Parliament’s Generals, Supreme Command & Politics During The British Wars 1642-51

Considering the nature and importance of the English Civil War, surprisingly little attention has been paid by historians to the politics. This new book looks at the five most famous and effective Generals leading troops on the side of Parliament in respect of the politics involved. – Highly Recommended

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NAME: Parliament's Generals, Supreme Command & Politics During The British 
Wars 1642-51
FILE: R2841
AUTHOR: Malcolm Wanklyn
PUBLISHER: Pen & Sword
BINDING: hard back 
PAGES: 212
PRICE: £25.00
GENRE: Non Fiction
SUBJECT: English Civil War, Roundheads, Cavaliers, Parliament, Charles I, battles, 
strategy, tactics, organization, training, Puritans, Levellers, New Model Army, politics

ISBN: 1-47389-836-6

IMAGE: B2841.jpg
BUYNOW: tinyurl.com/y5gcmvha
LINKS:  
DESCRIPTION:   Considering the nature and importance of the English Civil 
War, surprisingly little attention has been paid by historians to the politics. This 
new book  looks at the five most famous and effective Generals leading troops 
on the side of Parliament in respect of the politics involved. – Highly 
Recommended

There are many books providing histories of the English Civil War. Of these a large 
number are long out of print, and few have paid any real attention to the politics 
involved in the command of troops, having a focus on the battles themselves and the 
factors leading up to the outbreak of civil war.

There was no clear neat division of soldiers into two opposing groups. As with most 
civil wars it was brother against brother, father against son. As a result, both sides 
overlapped in backgrounds, with former comrades taking opposing sides. The King 
had no monopoly on trained soldiers and neither did Parliament. The Puritan element 
of the Parliamentary forces was strong but it covered a range of non-conformist 
beliefs from those who were comfortable with the Low Church, within the Church 
of England, to the extreme puritans and Levellers who were as much a political belief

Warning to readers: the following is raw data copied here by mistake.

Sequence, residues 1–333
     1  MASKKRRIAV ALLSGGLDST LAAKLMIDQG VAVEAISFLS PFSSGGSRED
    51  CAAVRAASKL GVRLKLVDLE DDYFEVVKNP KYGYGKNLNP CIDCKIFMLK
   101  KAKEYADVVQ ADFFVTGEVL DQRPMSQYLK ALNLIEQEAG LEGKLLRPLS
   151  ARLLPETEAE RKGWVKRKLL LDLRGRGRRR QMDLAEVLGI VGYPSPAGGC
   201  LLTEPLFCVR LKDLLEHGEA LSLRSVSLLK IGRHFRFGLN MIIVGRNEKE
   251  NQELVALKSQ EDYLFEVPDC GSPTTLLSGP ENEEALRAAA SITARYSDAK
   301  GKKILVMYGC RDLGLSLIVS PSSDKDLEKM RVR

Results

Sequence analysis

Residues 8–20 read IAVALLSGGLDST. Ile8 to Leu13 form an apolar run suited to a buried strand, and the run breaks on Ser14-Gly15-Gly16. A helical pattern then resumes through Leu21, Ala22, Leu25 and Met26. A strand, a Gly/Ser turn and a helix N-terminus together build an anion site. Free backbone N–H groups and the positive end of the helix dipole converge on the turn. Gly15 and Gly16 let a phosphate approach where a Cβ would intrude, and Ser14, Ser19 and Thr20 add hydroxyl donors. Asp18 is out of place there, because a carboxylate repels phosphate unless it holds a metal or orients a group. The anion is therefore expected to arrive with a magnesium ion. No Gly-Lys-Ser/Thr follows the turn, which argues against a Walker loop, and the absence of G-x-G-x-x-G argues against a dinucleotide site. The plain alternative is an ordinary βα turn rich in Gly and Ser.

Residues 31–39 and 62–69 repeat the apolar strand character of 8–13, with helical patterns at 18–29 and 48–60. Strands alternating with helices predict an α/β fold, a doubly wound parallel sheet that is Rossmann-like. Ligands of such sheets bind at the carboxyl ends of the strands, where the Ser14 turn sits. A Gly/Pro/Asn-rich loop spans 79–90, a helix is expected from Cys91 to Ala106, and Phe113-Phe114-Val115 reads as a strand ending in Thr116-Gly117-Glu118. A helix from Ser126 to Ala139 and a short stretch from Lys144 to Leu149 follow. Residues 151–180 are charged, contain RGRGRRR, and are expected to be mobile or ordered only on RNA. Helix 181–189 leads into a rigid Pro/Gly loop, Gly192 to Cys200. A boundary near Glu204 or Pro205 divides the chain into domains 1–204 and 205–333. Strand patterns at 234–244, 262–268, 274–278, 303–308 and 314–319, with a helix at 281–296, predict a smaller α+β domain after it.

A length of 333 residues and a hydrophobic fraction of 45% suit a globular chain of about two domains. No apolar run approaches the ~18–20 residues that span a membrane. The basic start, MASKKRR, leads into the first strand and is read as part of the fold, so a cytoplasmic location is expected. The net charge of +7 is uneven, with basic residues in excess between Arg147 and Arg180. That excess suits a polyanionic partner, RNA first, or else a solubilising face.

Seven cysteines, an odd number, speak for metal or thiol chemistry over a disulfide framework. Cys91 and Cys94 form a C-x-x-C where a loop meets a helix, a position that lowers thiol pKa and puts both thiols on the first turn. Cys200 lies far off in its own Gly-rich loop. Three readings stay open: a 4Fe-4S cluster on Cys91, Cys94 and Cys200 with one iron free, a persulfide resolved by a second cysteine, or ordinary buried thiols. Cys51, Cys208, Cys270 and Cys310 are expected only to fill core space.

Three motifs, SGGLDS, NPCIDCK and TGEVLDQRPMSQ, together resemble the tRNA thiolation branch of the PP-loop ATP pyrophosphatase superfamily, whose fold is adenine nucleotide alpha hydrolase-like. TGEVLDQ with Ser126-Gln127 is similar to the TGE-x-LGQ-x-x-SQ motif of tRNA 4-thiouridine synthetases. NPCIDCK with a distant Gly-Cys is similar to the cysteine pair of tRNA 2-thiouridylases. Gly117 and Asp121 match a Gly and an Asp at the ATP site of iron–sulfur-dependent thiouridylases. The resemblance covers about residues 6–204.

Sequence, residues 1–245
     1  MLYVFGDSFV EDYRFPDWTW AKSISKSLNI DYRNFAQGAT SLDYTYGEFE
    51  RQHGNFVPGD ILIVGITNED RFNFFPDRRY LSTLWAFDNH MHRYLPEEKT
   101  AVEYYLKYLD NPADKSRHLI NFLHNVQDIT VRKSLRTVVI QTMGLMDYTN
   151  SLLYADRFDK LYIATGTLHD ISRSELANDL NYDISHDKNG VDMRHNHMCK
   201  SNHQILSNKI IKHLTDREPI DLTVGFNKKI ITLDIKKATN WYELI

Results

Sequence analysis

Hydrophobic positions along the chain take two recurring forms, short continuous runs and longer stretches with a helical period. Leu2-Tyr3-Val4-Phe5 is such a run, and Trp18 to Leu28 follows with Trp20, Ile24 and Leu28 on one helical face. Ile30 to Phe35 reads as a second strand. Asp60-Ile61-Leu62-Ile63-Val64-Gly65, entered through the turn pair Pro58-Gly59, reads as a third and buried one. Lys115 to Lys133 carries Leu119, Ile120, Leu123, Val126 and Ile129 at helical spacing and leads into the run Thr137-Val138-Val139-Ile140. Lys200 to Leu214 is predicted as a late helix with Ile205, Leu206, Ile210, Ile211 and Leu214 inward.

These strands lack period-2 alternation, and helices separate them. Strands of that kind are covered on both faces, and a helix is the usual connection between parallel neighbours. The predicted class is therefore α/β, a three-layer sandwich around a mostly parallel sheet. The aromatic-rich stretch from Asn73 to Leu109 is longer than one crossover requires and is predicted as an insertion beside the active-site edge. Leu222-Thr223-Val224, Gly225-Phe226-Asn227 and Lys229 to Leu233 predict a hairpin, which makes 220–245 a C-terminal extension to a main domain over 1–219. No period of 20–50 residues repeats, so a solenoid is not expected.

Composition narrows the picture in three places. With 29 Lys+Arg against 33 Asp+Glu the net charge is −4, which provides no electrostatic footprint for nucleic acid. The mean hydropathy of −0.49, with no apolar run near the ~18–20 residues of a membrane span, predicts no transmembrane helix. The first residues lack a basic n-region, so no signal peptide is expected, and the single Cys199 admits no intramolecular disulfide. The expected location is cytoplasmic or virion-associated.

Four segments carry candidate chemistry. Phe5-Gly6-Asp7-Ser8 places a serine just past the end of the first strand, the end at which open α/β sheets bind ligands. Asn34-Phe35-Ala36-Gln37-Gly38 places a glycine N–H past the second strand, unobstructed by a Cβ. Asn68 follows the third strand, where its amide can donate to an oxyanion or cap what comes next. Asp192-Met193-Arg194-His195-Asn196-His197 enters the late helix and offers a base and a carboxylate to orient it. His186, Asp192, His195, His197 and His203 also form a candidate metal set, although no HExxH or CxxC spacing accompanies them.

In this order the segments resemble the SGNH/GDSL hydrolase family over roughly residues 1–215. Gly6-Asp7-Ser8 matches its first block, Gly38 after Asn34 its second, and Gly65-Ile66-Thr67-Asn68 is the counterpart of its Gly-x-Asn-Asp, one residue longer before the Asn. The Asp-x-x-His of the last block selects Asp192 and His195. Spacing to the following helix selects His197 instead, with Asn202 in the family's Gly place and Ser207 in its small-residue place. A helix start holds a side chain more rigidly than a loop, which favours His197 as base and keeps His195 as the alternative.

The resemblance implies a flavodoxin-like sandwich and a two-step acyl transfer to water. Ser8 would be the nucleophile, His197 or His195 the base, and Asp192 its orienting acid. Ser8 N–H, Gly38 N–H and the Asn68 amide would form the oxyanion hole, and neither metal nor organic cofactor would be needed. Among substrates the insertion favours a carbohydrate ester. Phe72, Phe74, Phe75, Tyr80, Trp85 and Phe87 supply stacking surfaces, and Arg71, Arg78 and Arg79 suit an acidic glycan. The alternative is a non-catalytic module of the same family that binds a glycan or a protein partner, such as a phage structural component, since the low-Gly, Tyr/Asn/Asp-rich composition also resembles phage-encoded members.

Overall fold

as a religious group. Similarly, the Kings forces ranged from Roman Catholics to 
Protestants to those bordering on the puritan view of religious belief.

In the same way that religious groups covered a wide range of beliefs on both sides, 
there was a similar broad range of social backgrounds, with Parliament including 
land owners, nobility, middle classes of merchants and craftsmen, to the poorest 
elements of society. The King may have had a stronger following of nobility and 
land owners, but his troops also came from the middle classes and the poorest 
workers. That created a very complex set of cultures and politics running up from 
the foot soldiers to the most powerful generals. As much effort frequently went into 
political manoeuvring as into moving troops around the battle fields. On the 
Parliament side, their generals, below the most senior, were part of a changing 
fraternity with new commanders coming forward to replace those who started the 
first battles. There was dissatisfaction amongst the army and the Civil War went 
through several stages to the point that some refer to the later stages as the Third
 Civil War.

The author has examined the strengths and weaknesses of the senior commanders 
and of the new men emerging to command. There are many fresh insights and the 
author has looked carefully at the relative man-management skills of the initial 
command and the new figures coming forward and steering a course to the top 
through political skill as well as controlling troops in battle. This makes an 
absorbing study that covers much new ground.

Readers with a special interest in the military history of the English Civil War will 
find this an indispensable source of information and insight. It is also a very good 
point to start a study of the period. The English Civil War should be studied carefully 
by anyone with an interest in politics, military practice and social history because 
this period shaped not only the development of Britain, and its expanding colonies, 
but it has shaped the history of the World since that time. It was a critical stage in 
the development of modern democracy and it changed the nature of the colonies into 
the development of a powerful Empire that dominated the World in a generally 
benevolent and productive manner, a process not however without pain.